How an Endorsement From Oprah Made These Authors Big Money
As National Book Month arrives here in October, there’s perhaps no contemporary person who has championed books and reading more than Oprah Winfrey, celebrated talk show host and cultural taste maker. Her Oprah book club launched on Sept. 17, 1996, and she has since picked over 90 books (some being classic literature, its authors long dead). Over time, however, that book club has become more than just a great way to engage Americans in reading; when Oprah selected a book for her club, it boosted sales and could change an author’s life. The power of Oprah’s opinion is so potent, generating mega-sales and even boosting stock prices, that it’s become known as The Oprah Effect.
Oprah’s Word Is More Powerful Than the Nobel Prize
So powerful is The Oprah Effect, not only does she make bestsellers out of lesser-known authors, she even revitalized Nobel Prize winning author Toni Morrison’s sales when she picked her books (four times total). According to Mother Jones magazine, when Morrison first published her beloved novel “The Bluest Eye” in 1970, it sold 2,000 copies. After Oprah featured it in her book club in 2000, it sold 800,000 additional copies from Oprah’s word alone.
When Oprah left primetime TV and set down her popular talk show and the book club, many wondered if authors would ever see such promotion again. But after starting her OWN network, she relaunched the book club in 2012, though with only six selections per year, rather than the previous 12.
One of the Oprah-approved books that first made its author rich was the 2006 “The Secret” by Rhonda Byrne, a nonfiction self-help book that claimed to draw upon a force known as “The Law of Attraction” to attract anyone’s greatest desires to them. Byrne made over $300 million on that book, thanks to Oprah’s blessing.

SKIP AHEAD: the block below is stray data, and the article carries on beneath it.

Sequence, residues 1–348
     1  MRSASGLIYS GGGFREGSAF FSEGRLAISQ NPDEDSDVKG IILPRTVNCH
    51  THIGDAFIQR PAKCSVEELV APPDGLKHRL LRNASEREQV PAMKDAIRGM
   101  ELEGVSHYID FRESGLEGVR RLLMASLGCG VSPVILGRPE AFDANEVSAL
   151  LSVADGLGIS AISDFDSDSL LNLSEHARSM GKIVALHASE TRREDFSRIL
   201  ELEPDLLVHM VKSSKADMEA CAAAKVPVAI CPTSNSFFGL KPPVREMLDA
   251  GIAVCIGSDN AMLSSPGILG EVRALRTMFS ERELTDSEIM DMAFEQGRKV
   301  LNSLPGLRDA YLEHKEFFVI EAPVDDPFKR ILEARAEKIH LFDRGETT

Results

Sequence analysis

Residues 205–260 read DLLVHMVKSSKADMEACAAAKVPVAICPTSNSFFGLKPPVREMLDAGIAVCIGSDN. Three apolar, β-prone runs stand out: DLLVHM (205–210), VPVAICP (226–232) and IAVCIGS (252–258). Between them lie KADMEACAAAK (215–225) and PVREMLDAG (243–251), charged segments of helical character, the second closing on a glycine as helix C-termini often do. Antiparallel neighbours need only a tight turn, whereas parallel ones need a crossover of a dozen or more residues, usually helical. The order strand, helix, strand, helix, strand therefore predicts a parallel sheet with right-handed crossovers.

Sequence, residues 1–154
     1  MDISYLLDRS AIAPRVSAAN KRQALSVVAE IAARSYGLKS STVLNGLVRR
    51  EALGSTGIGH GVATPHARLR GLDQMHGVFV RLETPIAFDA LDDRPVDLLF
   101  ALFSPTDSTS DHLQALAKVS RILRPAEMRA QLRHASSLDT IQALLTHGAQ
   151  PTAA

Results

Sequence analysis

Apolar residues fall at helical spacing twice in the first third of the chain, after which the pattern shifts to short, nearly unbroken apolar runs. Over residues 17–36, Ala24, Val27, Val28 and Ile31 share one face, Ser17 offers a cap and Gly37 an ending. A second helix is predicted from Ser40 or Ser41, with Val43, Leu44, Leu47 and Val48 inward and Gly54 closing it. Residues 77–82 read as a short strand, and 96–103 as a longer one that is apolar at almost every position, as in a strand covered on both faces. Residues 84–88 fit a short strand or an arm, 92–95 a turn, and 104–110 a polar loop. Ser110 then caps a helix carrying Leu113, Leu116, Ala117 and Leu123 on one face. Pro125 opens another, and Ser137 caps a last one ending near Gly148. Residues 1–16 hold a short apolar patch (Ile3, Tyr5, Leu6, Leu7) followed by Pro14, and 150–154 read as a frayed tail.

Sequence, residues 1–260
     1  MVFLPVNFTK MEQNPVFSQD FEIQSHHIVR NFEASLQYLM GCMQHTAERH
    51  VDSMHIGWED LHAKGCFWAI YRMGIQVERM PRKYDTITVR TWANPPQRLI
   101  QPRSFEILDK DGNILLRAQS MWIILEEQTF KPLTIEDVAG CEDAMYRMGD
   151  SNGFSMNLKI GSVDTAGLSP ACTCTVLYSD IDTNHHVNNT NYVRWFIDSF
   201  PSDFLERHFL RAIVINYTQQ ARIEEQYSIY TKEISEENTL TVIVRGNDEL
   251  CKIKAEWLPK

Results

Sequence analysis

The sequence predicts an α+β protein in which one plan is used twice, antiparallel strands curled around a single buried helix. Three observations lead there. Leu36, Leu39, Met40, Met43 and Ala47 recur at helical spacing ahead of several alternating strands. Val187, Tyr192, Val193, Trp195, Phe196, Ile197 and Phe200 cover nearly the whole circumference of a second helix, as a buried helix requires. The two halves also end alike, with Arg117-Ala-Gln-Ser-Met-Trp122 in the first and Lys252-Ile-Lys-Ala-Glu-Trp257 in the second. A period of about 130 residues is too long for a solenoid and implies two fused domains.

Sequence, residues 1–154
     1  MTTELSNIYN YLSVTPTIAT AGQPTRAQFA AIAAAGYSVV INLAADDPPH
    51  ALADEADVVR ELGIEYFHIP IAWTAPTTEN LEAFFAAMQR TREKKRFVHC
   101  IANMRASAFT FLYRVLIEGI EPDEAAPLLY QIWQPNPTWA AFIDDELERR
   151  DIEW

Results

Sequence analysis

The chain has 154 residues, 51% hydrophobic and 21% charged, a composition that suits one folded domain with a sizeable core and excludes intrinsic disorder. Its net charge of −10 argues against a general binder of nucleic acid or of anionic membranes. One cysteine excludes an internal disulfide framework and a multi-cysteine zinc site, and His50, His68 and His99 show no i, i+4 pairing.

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Supporting Black Authors
Oprah, who grew up poor in rural Mississippi and endured childhood abuse, has made a habit in the relaunched version of her book club to champion Black authors as often as possible. Oprah knows the power of success — she is the first Black woman billionaire, with a net worth of $3.5 billion, and she does much to pay it forward to other Black creatives. One such author was Colson Whitehead, whose novel “The Underground Railroad,” a 2016 pick, went on to sell more than a million copies, and won both the National Book Award and the Pulitzer Prize.
Another previously less well-known author, Tayari Jones, author of “An American Marriage,” received Oprah’s book club blessing in 2018 and went on to become a New York Times bestseller. With her earnings, she told The Cut, she was able to buy a house.
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Oprah’s book picks make significantly more money in royalties for authors than those that don’t receive her blessing. However, some of her picks have come with controversies that make the public angry and question how she vets authors. In 2006, Oprah picked “A Million Little Pieces” by James Frey, touted as a memoir (thus true story) of his drug addiction and recovery. The book sold more than two million copies more quickly than any other book in the club’s history at that point, according to The New York Times. There was only one problem: Frey had made the story up. When Oprah found out, she revoked the book from her club and confronted Frey on stage, furious.
In 2020, Oprah picked “American Dirt,” a novel by Jeanine Cummins that portrays a Mexican mother fleeing from her country in the wake of her husband’s murder by a drug cartel. Preorders were apparently so strong based on the book’s hype and Oprah’s blessing that publisher Flatiron Books increased its initial print run from 300,000 to 500,000 copies. However, Latino authors and scholars soon expressed outrage over what they felt was Cummins’ cultural appropriation of a story she didn’t have the right to tell, and at a lack of similar support in publishing for Latino authors telling their own stories. The book still sold hundreds of thousands of copies.
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Oprah’s current book club selection for September 2021 is “Bewilderment” by Pulitzer Prize winning author of “The Overstory.” So while he may not need the boost of Oprah’s word, it sure won’t hurt his bottom line.
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